Burning shipIt’s said that Cortéz, upon reaching the New World, directed his men to burn the ships behind them.  It’s a powerful image.

If you’re unfamiliar with this as a business concept, the idea is that at times you need to be fully committed to moving forward, having no option for retreat.

It flies directly in the face of contingency planning.  Which I’m a fan of.

So the real question is:  When is it appropriate to have irreversible commitment, to only look forward?

When it’s based on a principle which you refuse to negotiate.

A great example is your commitment to your kids.  Believe me, that’s not something you can backtrack on.  There may be times when they frustrate you, even when you doubt your decision.  But that doesn’t change your full 100% love and commitment to them.

In the business world, you also have non-negotiable principles.  Like running your company in an honest, legal, and ethical manner.  Divergence from that foundation must be treated as a top priority, never swept under the rug.

Here’s the test for you.  Complete this sentence:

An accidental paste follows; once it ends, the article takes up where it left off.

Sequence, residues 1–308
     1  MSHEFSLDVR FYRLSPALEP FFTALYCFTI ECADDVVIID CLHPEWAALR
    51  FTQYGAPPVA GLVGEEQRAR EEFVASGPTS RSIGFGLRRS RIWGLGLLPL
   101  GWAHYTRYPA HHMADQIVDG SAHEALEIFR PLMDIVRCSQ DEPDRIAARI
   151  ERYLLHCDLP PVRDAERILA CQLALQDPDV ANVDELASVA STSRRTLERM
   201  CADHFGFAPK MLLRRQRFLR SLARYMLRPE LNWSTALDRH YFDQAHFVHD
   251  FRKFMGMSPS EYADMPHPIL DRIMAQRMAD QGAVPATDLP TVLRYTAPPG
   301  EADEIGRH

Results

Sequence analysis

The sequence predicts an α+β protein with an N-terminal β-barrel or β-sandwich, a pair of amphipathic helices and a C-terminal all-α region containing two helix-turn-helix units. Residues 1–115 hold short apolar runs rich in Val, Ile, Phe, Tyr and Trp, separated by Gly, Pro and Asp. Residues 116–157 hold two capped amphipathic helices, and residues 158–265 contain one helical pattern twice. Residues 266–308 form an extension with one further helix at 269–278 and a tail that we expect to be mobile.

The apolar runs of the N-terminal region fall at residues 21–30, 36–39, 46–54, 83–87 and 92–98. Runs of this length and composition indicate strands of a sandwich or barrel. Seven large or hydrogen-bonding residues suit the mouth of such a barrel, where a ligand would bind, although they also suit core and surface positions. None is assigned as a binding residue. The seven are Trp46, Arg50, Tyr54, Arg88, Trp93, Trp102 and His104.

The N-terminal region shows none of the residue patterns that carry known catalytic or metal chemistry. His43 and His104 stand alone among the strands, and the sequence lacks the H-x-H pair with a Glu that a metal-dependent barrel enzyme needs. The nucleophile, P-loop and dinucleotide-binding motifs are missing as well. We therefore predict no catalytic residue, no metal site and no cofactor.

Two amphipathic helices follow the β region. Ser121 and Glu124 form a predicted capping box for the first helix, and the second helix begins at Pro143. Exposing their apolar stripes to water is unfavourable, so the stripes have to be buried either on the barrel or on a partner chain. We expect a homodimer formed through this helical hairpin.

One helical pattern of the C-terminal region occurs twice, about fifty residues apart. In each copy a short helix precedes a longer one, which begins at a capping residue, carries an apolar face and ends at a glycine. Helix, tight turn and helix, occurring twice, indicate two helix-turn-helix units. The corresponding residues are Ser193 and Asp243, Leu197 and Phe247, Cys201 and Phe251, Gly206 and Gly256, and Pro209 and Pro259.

I’d rather shut down this business than ___________________.

Those are the deep principles.  Some examples might be:

  • … sacrifice my health.
  • … have employees who are dragging everyone down.
  • … be dishonest with my customers.
  • … deliver a shoddy product.

But you have to be honest with yourself.  If your real goal is to be very patient with employee failures, then don’t declare that you won’t tolerate failure.  (Yes, this is a very real example – I had to face this myself.)

If your real goal is to believe that the customer is right only 98% of the time and the other 2% are jerks, then don’t declare your principles are to always satisfy customers no matter what.  Your team will get extremely frustrated with what to do about that 2%.

Be honest with yourself.

Be honest with your employees.

Be honest with the market.

And don’t sacrifice those non-negotiable principles.  Burn the ships and only move forward.

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